Are we victims of our own success? Addressing the gaps in Australia’s enabling environmentadmin
Are we victims of our own success? Addressing the gaps in Australia’s enabling environment
HIV Australia | Vol. 12 No. 2 | July 2014
By Sally Cameron
The trajectory of social values is not linear … progress is not assured.2
Arguments for an enabling environment are not simply about addressing human rights or demonstrating a fine moral compass. They are pragmatic3 because effective HIV strategy requires inclusivity and ‘buy-in’ from affected communities.
We started well. The emerging public health crisis (known first as GRID, then AIDS and eventually HIV) galvanised affected populations. It was a community crisis.
Gay men, people living with HIV, sex workers and people who inject drugs organised. Some brave individuals outed themselves – as having HIV, as gay, as a sex worker or as someone who injects drugs … and by putting a face to the ‘name’, they humanised the epidemic, and owned it.
Communities were active and adamant. Medical and nursing staff risked their own health as well as social judgement.4 And by some stroke of great good fortune, our governments were interested and (mostly) brave.
In the absence of effective medical interventions, attention turned to the social and legislative factors driving HIV stigma and increasing risk of HIV transmission.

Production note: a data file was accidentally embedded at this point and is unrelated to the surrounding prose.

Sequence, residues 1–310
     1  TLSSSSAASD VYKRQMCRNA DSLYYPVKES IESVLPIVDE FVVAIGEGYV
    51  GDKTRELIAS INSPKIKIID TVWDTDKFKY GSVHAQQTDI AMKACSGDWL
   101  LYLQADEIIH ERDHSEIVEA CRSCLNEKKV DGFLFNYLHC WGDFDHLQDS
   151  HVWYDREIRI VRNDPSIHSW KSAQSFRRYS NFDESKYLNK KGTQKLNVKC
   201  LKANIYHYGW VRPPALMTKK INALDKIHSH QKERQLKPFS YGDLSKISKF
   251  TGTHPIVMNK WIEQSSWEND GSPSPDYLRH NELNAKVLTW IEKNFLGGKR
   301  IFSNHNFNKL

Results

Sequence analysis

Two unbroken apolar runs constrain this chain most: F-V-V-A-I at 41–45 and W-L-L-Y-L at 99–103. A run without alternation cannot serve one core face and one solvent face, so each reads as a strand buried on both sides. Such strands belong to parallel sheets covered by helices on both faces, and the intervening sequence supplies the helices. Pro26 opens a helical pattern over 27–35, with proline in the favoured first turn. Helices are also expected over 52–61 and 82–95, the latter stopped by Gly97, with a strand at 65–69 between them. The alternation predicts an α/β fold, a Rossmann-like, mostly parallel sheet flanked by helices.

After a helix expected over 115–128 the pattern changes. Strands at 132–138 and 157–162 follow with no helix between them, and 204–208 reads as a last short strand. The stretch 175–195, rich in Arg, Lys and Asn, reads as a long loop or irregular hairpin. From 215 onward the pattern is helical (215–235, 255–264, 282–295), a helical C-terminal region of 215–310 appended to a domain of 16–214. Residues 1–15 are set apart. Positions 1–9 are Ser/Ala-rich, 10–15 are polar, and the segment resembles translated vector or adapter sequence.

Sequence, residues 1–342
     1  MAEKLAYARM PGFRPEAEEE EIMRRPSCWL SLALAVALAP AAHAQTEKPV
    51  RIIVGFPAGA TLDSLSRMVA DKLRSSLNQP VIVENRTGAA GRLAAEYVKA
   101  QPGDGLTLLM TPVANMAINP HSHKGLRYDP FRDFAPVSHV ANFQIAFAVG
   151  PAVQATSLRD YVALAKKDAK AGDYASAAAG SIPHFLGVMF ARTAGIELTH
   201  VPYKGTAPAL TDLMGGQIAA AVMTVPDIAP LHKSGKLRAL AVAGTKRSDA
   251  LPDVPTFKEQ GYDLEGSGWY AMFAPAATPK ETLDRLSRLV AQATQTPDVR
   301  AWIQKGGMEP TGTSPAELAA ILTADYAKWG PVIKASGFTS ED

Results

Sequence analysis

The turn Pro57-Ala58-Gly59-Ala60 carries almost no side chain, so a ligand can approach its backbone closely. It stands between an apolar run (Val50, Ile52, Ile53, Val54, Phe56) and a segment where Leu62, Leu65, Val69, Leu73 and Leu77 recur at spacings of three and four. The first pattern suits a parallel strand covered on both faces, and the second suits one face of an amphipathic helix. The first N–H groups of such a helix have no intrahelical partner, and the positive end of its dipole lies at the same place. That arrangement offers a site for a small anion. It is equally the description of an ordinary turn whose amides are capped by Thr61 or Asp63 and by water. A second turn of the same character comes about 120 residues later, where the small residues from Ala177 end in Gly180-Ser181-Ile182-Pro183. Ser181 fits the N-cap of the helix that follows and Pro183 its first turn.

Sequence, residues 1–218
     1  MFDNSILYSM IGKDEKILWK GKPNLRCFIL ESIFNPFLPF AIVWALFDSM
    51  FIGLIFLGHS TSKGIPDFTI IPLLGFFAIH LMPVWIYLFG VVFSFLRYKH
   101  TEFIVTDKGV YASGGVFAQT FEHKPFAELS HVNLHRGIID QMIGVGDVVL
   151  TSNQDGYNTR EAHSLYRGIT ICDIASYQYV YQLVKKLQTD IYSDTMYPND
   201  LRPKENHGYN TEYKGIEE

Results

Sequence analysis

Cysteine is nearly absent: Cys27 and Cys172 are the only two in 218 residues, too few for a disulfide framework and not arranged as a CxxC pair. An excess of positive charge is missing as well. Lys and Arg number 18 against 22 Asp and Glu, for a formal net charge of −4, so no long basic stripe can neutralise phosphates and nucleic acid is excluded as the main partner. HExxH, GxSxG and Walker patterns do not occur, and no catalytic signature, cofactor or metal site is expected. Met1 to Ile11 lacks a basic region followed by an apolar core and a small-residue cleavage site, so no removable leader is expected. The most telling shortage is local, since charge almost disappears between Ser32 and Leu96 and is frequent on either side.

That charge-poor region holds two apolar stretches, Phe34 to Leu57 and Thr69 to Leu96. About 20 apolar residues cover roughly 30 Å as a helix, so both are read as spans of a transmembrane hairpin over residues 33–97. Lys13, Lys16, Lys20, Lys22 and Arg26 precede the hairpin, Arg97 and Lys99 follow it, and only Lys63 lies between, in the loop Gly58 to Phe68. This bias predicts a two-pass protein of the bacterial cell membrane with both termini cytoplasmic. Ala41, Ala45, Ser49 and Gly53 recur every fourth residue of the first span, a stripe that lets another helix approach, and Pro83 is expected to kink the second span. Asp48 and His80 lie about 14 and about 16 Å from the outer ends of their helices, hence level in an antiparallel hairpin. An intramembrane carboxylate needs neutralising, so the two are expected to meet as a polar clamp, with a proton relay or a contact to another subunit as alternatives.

A new phrase was coined: the ‘enabling environment’. It described the necessity of a supportive legal and policy framework required if HIV education and related public health measures were to work.
Those at risk of HIV infection and those living with HIV must be engaged in the HIV response. As it turns out, attention to the ‘enabling environment’ has proven a concept fundamental to the success of Australia’s HIV response.
In early 1990, the Intergovernmental Committee on AIDS established a Legal Working Party to review legislation impacting HIV/AIDS and make recommendations for law reform.
Their report, including 89 recommendations for reform of diverse laws,5 was considered a blueprint for national law reform. While acknowledging that different jurisdictions would need to consider local needs and priorities, both the Intergovernmental Committee on AIDS and the Australian Health Ministers Advisory Council unanimously endorsed the report and its recommendations.
Australia’s approach to HIV became an international model, and accolades followed, including invitations to Australian jurists to develop international guidelines on a human rights-based approach to HIV.6